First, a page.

It is important to overcome your fear of stigma and seek help. This is especially true when symptoms of PTSD or depression start surfacing. Therapists can help in dealing with trauma and can help you bounce back from the negative situation as well as improve your life and relationships quicker. 


No one can ignore the shocking reality of mental health among police officers. The demands of your job are such that you are constantly exposed to traumatic events. This can take a severe toll on your well-being. We as a society need to acknowledge these challenges and promote mental health support for police officers. However, till that happens, if you are a police officer, know that your mental health and well-being is valuable. You can take steps to ensure that you are not walking towards breakdown or burnout and are saving yourself along with protecting our community. 

If you are a police officer or  knows one  who is in  need of mental health support, contact the experts at United We Care. At United We Care, our wellness and mental health experts can guide with the best methods for well-being.


  1. J. M. Violanti et al., “Posttraumatic stress symptoms and subclinical cardiovascular disease in police officers.,” International Journal of Stress Management, vol. 13, no. 4, pp. 541–554, 2006. doi:10.1037/1072-5245.13.4.541 
  2. S. Syed et al., “Global prevalence and risk factors for mental health problems in Police Personnel: A systematic review and meta-analysis,” Occupational and Environmental Medicine, vol. 77, no. 11, pp. 737–747, 2020. doi:10.1136/oemed-2020-106498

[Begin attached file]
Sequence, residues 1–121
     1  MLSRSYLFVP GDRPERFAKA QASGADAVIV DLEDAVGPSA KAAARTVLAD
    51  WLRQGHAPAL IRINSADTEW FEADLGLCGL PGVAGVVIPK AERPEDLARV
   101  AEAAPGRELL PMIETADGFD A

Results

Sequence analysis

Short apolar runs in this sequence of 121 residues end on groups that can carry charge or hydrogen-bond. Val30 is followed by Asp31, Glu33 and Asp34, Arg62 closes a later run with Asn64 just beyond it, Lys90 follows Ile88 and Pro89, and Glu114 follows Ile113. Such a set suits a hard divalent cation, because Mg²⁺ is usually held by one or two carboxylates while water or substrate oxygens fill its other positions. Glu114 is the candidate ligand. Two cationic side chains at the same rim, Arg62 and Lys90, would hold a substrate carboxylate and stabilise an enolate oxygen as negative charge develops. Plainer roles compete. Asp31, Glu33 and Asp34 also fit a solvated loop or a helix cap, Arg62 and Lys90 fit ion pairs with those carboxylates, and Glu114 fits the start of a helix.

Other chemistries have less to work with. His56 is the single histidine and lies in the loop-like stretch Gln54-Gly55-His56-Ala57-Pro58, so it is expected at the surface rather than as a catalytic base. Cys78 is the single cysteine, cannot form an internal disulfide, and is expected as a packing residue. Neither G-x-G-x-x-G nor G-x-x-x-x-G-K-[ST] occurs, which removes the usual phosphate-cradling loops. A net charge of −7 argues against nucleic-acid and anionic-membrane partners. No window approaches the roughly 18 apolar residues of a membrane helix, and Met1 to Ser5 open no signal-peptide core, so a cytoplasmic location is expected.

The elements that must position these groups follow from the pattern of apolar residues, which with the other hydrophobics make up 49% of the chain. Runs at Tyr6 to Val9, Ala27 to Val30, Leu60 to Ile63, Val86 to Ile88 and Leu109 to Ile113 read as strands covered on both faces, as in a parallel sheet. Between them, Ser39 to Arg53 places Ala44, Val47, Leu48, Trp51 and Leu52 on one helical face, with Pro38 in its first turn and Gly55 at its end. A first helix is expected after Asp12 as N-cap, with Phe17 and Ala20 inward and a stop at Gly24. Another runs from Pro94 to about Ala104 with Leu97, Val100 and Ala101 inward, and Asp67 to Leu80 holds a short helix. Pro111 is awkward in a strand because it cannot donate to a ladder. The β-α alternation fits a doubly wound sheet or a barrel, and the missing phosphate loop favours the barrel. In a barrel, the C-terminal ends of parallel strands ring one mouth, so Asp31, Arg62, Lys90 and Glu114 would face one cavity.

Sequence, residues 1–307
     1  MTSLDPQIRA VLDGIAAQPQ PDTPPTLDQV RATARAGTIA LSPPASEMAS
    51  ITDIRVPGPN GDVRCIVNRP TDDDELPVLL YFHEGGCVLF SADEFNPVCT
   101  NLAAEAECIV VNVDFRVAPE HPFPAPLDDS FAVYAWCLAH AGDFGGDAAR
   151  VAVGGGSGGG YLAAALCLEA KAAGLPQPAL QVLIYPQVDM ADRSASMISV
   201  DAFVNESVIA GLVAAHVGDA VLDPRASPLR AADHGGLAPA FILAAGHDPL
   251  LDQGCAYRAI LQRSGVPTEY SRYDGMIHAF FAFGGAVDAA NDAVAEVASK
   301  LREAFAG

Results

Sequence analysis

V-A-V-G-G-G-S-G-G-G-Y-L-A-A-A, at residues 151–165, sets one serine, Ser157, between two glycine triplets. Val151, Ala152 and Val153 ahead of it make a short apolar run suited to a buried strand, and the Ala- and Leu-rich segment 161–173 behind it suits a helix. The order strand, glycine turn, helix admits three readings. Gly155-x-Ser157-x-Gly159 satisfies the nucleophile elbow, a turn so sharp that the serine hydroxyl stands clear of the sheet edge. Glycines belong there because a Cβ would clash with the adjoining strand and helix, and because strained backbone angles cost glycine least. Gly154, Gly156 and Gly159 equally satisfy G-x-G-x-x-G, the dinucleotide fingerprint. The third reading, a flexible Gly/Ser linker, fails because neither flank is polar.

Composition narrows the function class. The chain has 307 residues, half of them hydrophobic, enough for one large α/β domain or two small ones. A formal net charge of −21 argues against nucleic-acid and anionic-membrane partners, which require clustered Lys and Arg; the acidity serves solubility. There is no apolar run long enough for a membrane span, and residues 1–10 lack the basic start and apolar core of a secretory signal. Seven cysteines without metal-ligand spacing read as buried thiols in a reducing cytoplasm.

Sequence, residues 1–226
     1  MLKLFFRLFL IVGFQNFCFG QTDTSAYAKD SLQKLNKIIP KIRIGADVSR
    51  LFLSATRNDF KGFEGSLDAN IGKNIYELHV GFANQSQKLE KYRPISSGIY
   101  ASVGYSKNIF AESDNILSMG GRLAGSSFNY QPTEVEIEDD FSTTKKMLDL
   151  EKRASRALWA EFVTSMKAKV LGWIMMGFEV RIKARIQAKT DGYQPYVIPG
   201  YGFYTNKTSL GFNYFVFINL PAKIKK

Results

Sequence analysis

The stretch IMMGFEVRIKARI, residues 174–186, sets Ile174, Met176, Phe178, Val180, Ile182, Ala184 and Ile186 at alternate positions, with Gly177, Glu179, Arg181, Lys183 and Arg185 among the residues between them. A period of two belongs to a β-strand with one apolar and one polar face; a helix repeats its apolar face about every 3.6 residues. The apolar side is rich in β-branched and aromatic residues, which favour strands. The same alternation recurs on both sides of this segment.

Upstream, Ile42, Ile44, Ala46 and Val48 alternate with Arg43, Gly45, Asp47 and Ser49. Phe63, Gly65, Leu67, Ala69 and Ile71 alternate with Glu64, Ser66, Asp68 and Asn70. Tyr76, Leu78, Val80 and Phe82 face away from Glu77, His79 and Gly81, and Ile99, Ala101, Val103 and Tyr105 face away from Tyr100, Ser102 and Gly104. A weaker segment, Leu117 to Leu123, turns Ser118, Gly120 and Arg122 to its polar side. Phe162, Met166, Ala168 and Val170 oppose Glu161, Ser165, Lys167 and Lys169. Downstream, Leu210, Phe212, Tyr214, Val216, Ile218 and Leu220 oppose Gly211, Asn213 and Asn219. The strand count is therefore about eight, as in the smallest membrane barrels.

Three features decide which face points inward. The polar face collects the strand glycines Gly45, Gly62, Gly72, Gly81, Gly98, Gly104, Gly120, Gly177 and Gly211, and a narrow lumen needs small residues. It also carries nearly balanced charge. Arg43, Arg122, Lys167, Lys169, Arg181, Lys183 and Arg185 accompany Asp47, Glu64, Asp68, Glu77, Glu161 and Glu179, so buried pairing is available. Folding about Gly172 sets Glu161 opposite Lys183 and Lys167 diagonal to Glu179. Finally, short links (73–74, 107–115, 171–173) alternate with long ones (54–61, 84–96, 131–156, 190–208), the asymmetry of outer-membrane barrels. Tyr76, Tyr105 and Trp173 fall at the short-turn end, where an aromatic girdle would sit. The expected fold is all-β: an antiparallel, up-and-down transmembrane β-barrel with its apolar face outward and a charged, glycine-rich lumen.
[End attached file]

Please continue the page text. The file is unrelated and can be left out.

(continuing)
3. T. Fyhn, K. K. Fjell, and B. H. Johnsen, “Resilience factors among police investigators: Hardiness-commitment a unique contributor,” Journal of Police and Criminal Psychology, vol. 31, no. 4, pp. 261–269, 2015. doi:10.1007/s11896-015-9181-6 
  4. T. A. Warren, “The effects of frequent exposure to violence and trauma on police officers,” WALDEN DISSERTATIONS AND DOCTORAL STUDIES, https://scholarworks.waldenu.edu/cgi/viewcontent.cgi?article=2328&context=dissertations (accessed May 24, 2023). 
  5. B. J. Koch, “The psychological impact on police officers of being first responders to completed suicides,” Journal of Police and Criminal Psychology, vol. 25, no. 2, pp. 90–98, 2010. doi:10.1007/s11896-010-9070-y 
  6. Emergency personnel’s experiences of their role – Lancaster University, https://eprints.lancs.ac.uk/id/eprint/127462/1/2018RutterLDClinPsy.pdf (accessed May 24, 2023). 

C. J. Newell, R. Ricciardelli, S. M. Czarnuch, and K. Martin, “Police staff and Mental Health: Barriers and recommendations for improving help-seeking,” Police Practice and Research, vol. 23, no. 1, pp. 111–124, 2021. doi:10.1080/15614263.2021.1979398

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Author : United We Care

Founded in 2020, United We Care (UWC) is providing mental health and wellness services at a global level, UWC utilizes its team of dedicated and focused professionals with expertise in mental healthcare, to solve 2 essential missing components in the market, sustained user engagement and program efficacy/outcomes.